I hope things can work out in a manner that benefits everyone. I've paid my dues and it gets harder and harder to watch so many players on the Revs and in MLS get rewarded year after year, despite not performing anywhere close to what I have done.

For the past six years, I've given everything to the Revs and done my best to help the club win. I appreciate my time in New England, but I just feel like I need a new challenge at this point in my career.

The situation exposes a critical flaw in Major League Soccer. Designated players rarely come up through the league ranks. Instead, they tend to be international talents from either Europe or South America who command too much value on the global market to sign for the comparative pittance homegrown players receive.

Players such as Nottingham Forest’s Eric Lichaj, who recently scored a brace in the 4-2 shock win that sent Arsenal tumbling out of the FA Cup, are playing in secondary European competitions. Fulham’s Tim Ream and Luca de la Torre, Bolton’s Antonee Robinson, Ipswich Town’s Cameron Carter-Vickers, and Sunderland’s Lynden Gooch, also compete in the Championship. Not only is the football of greater quality, the wages are far higher. Ask Matt Miazga at Vitesse in the Eredivisie, Terence Boyd at Darmstadt in 2.Bundesliga, Bill Hamid at Midjtylland in the Danish Super League, Joe Corona at America in Liga MX, and many others, as well.

When an MLS club concerns itself with maximising profit, like the Derby side that put in a Premier League appearance in 2007-08 without making any significant squad upgrade, it hinders the league’s development.

New England signed Jermaine Jones as a designated player in 2014. In his first full season, he and Nguyen led the Revs on an MLS Cup run that only faltered at the final hurdle. New England’s fiscal intransigence led to Jones moving to Colorado. Its current DPs are center-half Claude Dielna and holding midfielder Xavier Kouassi. The team traded malcontent striker Kei Kamara, an ill-advised signing to begin with, in December.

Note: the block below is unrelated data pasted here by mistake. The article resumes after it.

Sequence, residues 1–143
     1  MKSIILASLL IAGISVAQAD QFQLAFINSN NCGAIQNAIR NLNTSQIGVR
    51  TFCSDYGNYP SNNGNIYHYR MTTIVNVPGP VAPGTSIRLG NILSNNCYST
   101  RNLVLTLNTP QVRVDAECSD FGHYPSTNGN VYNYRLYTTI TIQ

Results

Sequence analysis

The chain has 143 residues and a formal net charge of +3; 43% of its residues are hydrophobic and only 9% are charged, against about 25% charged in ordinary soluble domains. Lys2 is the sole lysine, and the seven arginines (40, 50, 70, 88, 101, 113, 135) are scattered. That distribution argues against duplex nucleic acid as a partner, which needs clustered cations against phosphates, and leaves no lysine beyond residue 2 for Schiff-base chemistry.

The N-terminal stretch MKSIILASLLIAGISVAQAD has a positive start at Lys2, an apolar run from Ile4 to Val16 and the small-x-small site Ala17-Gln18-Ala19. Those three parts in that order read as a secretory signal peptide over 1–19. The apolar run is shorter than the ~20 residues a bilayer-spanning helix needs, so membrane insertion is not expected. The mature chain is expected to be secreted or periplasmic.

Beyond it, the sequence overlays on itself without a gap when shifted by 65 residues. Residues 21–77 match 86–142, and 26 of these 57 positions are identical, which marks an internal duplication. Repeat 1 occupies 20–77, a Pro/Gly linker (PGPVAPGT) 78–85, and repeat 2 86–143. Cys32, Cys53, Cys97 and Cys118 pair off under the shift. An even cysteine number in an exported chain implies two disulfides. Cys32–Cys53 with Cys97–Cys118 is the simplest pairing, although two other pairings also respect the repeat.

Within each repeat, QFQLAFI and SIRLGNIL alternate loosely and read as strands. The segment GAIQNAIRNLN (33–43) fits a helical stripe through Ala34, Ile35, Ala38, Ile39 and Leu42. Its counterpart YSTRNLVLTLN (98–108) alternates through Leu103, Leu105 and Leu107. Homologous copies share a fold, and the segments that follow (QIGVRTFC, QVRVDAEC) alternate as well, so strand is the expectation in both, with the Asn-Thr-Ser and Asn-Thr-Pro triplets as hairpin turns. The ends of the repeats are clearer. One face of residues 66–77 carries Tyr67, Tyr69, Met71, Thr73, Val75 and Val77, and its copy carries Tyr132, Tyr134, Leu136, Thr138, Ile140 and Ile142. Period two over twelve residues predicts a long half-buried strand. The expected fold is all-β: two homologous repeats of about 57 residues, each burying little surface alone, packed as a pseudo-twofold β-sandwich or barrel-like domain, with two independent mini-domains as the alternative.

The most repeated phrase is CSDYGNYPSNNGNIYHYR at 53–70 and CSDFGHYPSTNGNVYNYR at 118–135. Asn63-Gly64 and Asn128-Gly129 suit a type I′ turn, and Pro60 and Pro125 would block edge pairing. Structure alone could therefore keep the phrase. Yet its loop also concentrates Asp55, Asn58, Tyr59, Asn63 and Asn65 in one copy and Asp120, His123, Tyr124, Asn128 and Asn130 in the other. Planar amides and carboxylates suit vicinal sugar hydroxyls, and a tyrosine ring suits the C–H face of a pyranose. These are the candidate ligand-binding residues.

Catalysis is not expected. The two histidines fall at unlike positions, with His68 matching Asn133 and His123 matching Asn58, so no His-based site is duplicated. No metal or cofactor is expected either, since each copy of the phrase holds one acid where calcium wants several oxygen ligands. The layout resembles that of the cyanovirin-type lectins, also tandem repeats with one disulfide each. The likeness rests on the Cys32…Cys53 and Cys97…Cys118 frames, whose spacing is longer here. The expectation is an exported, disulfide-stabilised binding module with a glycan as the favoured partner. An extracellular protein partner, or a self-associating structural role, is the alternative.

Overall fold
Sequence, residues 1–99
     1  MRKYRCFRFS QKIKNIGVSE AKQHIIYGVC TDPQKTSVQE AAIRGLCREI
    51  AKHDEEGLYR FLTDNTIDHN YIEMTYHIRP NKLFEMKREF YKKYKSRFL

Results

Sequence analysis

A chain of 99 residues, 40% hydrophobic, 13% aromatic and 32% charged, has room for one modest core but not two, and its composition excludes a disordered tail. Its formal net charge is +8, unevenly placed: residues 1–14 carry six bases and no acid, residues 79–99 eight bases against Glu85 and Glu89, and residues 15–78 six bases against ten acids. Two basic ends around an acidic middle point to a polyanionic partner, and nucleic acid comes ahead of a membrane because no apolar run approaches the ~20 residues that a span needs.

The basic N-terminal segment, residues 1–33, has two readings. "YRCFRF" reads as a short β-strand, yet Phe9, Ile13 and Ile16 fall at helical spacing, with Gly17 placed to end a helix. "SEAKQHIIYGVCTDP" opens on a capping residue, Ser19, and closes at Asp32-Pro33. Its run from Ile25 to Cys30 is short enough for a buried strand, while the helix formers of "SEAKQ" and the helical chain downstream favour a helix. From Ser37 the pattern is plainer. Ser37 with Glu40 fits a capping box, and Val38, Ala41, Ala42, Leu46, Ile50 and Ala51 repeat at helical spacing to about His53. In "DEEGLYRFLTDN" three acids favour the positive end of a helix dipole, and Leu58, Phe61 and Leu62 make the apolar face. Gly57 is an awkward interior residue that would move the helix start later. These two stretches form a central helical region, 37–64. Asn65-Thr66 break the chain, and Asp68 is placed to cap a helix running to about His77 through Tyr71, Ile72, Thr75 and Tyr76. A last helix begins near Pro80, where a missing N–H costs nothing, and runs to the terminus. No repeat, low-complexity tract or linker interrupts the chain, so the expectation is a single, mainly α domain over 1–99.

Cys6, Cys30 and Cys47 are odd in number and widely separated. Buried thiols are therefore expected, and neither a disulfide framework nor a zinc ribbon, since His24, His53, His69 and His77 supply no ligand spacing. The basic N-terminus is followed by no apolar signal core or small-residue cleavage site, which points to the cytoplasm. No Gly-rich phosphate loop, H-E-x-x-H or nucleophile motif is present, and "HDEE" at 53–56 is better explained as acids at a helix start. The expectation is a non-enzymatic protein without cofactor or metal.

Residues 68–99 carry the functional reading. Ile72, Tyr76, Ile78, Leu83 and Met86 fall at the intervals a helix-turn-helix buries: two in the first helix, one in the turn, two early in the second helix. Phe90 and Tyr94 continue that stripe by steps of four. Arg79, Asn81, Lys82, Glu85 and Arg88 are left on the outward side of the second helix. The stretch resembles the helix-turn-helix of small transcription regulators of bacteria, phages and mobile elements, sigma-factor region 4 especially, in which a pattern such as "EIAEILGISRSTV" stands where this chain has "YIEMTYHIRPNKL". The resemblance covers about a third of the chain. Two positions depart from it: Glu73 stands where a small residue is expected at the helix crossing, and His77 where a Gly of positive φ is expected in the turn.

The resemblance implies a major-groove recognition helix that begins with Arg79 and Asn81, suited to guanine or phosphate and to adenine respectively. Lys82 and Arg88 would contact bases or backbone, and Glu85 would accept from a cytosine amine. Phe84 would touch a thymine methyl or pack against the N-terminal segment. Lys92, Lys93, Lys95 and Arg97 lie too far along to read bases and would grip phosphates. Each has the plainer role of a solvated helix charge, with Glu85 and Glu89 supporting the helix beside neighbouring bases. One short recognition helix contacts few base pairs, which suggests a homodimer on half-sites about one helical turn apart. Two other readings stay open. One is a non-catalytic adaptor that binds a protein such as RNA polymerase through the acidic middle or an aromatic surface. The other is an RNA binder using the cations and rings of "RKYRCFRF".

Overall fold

Decent defenders are a dime a dozen. New England’s DP policy is killing its title prospects. If the franchise found two or three attacking players to complement Nguyen, the Revs would vault into the MLS Cup picture. New franchise Atlanta United did exactly that with Josef Martinez, Miguel Almiron, and Hector Villalba. Chicago Fire rose out of the MLS basement by inking 2017 Golden Boot winner Nemanja Nikolic and Bastian Schweinsteiger.

MLS is not the NFL. The Revolution hierarchy must understand it needs a different approach. If not, it should sell or trade its playmaker while he still commands a respectable return.

Martin Palazzotto

The former editor of World Football Columns, Martin authored the short story collection strange bOUnce. He appeared in several other blogs which no longer exist. Old, he likes to bring out defunct. If outdated sport and pop-cultural references intrude on his meanderings for It's Round and It's White, don't be alarmed. He's harmless.